Level flow of Winter’s Keep.

The above chart is the level flow of Winter’s Keep. A number represents a part of the level – usually a room – and the value of that number tells how big of a challenge the room contains. This flow together with aesthetics and lore determine the layout of the level. 

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The level flow mapped to the level layout.

When I design the flow I usually have two rules of thumb. First of all, I always have zeroes. These are the sections which give the player the chance to catch her breath and plan. Secondly, the challenge should always rise towards the end. Not necessarily in linear fashion, but usually the best choice is to save the most difficult challenge last.

One thing to note about this approach is that, it can make the levels rather predictable. With Winter’s Keep and Snowgaard, I wanted to create linear and straight-forward experiences so this predictability was a deliberate design choice. I also feel that this kind of “high level predictability” improves player agency. As the player has a rough understanding how hard the challenges will be, it is easier for her to plan.

Not all levels should follow this pattern. It is a good default but one should also occasionally break it to surprise and challenge the player. With levels Frostfaarn and Frostfaarn Lycaeum I made an explicit design choice to be less linear and provide different paths to pass through the levels. Depending on what choices the player made, the level flow changed accordingly.

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All possible level flows from the start of Frostfaarn Lycaeum.

I used two patterns to achieve this “dynamic” level flow. First of all, I made some parts of the level optional. The player simply did not have to pass those sections to finish the level. Secondly, I gave many of the rooms two different entry points.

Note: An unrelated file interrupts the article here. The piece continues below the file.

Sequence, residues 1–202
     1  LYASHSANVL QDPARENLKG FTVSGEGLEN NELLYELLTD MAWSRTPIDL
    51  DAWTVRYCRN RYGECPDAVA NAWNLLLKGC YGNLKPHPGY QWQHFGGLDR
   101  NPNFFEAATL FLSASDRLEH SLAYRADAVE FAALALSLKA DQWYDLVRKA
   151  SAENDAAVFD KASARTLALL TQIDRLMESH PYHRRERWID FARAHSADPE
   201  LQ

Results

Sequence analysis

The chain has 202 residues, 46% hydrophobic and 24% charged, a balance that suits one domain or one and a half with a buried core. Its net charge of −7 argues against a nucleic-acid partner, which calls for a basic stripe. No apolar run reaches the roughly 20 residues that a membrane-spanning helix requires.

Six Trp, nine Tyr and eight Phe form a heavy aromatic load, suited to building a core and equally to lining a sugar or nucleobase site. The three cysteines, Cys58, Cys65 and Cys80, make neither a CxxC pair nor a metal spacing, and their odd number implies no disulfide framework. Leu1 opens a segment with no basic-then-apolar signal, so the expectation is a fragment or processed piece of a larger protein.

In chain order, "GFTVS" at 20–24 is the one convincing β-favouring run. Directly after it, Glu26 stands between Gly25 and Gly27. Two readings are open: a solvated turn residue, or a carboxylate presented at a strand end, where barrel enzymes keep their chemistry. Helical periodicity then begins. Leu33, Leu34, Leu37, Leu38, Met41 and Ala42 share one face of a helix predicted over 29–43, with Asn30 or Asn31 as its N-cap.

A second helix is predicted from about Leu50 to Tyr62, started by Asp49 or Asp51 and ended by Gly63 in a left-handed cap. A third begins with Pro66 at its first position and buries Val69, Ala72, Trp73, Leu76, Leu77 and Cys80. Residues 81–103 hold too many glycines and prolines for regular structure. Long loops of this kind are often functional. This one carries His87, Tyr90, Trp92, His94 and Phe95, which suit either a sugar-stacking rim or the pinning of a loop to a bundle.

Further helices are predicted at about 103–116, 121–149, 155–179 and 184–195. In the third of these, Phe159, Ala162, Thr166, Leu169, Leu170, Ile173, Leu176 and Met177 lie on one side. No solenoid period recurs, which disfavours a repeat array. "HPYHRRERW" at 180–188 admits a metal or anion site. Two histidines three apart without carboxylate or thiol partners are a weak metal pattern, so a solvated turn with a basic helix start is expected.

The more obvious entry point usually meant a more difficult challenge and the more hidden entry put the player in a more advantageous position. Information about these more advantageous entry points was usually more hidden and obscure and required the player to have more attention to detail.

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If you chose the Eagle you enter the room from a higher point and if you chose the Snake you enter the room the ground level,

With level flow it is important to remember that it is always the “designer’s path” and the players will always walk their own. Level flow is not the experience of the player, but a tool for the designer.

Outro

So did I level up from a modder into a level designer? I think so. I still don’t have the tools to build the most grand levels and I need more work on exterior spaces but I feel the quality of my levels is at least very to close to professional level. Also the biggest change (and surprise) was how much faster I became. My fourth mod Frostfaarn was twice the size of my second mod Winter’s Grasp. Yet Frostfaarn took only one fifth of the time it took me to make Winter’s Grasp.

By no means player agency and level flow were all I learned. I learned a lot on how to use lore in level design, how to use contracts in a level design context, how and when to prototype and iterate and so on. Naturally much of what I learned will change and evolve. To which direction, depends on whether I continue on building levels for Skyrim or will I challenge myself and build levels for a different game, or even a genre? Or perhaps I will venture more into game design as it’s principles have much in common with level design.